Rivas said that Trump legitimized Arpaio’s authority over the feds by granting him a presidential pardon in 2017. 

“Trump’s pardoning of our Arpaio was one of the victories of the hard right movement in the U.S. — and particularly the anti-government movement and the anti-immigrant movement,” she said. “It was absolutely sort of a further legitimizing of some really dangerous ideas about who can defy the laws of the land.”

The organization’s ranks appear to have swelled since Arpaio left office — though it’s hard to measure, according to Jessica Pishko, a former attorney, researcher and author of “The Highest Law in the Land,” an upcoming book about sheriffs.

Last year, the CSPOA told The Washington Post that around 10% of US sheriffs are members of the organization. 

Even though Arpaio didn’t start the movement, he showed fellow lawmen and the rest of the country a “template of what sheriffs can get away with,” Pishko said.

He showed other sheriffs — and the public — that “you could break all the laws and apparently not suffer any consequences for it,” she said.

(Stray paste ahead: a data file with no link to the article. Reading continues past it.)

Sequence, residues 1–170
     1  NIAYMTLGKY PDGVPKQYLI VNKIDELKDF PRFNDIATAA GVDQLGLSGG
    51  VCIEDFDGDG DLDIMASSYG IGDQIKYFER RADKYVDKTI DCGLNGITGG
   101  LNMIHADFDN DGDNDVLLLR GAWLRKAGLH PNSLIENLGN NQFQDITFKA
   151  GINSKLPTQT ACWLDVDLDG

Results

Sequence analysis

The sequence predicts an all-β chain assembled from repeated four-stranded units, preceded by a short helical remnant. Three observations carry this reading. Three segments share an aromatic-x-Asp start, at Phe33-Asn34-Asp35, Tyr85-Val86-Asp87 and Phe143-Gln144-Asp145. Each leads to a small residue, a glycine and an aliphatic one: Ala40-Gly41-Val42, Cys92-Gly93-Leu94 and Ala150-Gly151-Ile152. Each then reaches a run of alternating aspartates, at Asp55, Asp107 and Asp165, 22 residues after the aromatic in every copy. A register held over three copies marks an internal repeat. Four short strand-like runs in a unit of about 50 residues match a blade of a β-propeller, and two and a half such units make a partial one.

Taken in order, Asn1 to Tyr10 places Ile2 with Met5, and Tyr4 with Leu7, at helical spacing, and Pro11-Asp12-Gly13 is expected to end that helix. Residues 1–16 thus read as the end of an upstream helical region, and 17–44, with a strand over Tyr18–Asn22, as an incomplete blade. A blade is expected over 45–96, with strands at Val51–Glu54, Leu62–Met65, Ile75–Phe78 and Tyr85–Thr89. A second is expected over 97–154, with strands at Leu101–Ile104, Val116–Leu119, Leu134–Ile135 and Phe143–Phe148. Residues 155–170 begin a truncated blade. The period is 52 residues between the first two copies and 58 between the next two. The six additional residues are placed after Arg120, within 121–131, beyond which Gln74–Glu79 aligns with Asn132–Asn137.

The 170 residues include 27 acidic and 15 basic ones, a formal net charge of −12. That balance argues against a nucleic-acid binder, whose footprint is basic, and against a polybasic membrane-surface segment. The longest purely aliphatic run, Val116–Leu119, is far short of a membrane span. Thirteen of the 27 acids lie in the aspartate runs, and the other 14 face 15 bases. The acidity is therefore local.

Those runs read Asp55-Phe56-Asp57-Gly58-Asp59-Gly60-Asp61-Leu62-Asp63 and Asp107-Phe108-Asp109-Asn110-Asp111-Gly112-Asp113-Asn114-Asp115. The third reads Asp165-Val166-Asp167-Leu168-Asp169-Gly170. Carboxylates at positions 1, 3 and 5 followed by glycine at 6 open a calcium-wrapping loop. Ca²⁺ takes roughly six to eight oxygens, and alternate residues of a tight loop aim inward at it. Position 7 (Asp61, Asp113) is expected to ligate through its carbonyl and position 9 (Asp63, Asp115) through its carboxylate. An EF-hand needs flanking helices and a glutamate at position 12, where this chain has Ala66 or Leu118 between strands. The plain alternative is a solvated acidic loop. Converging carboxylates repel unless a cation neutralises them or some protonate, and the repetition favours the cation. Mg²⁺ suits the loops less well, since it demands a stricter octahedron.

But one aspect of Arpaio’s legacy has been missing from public discourse, according to Pishko.

“The entire political apparatus … fails to reckon with the fact that they can hold actors accountable,” she said.

“Why is it that he was elected so many times and nobody — it didn’t occur to anybody to do anything to stop what he was doing for so long?”

Arizona and the feds haven’t taken the steps to prevent another Arpaio, she said.

Though he has been out of office for years now, the former sheriff is hoping his posse of fans don’t forget him — and he has taken steps to make sure they don’t. 

Not many cops write multiple books about themselves — even after leaving office — or sell pink boxers emblazoned with their autographs.

Arpaio does. In an October interview, he boasted that Robert Mueller, the former head of the FBI, has one of his autographed boxers. 

“Everybody forgets you. You know?” Arpaio said.

“They don’t forget me.”

***CORRECTION: An earlier version of this story incorrectly referred to an interview with Arpaio as occurring “last month.” In fact, the interview took place in October.